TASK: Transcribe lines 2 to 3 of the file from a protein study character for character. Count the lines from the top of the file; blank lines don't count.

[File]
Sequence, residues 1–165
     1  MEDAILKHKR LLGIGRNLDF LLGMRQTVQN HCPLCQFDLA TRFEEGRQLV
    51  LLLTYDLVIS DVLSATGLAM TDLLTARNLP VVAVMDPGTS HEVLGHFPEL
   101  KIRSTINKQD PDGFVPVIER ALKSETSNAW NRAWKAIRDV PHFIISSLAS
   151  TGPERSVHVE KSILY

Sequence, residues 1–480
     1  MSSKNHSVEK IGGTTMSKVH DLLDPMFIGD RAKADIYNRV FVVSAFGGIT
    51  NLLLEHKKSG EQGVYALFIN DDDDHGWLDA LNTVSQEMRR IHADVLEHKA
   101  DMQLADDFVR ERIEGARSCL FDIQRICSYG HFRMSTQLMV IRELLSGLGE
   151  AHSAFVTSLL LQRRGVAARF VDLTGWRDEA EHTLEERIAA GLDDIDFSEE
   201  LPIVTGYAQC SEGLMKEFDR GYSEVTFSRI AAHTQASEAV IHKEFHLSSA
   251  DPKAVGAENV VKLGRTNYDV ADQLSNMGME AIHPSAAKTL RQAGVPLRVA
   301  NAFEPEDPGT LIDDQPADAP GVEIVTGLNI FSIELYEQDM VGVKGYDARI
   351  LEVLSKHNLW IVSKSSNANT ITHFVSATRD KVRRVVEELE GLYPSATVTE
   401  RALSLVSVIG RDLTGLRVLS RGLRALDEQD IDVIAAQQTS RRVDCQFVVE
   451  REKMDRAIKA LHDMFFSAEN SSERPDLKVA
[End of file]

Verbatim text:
     1  MEDAILKHKR LLGIGRNLDF LLGMRQTVQN HCPLCQFDLA TRFEEGRQLV
    51  LLLTYDLVIS DVLSATGLAM TDLLTARNLP VVAVMDPGTS HEVLGHFPEL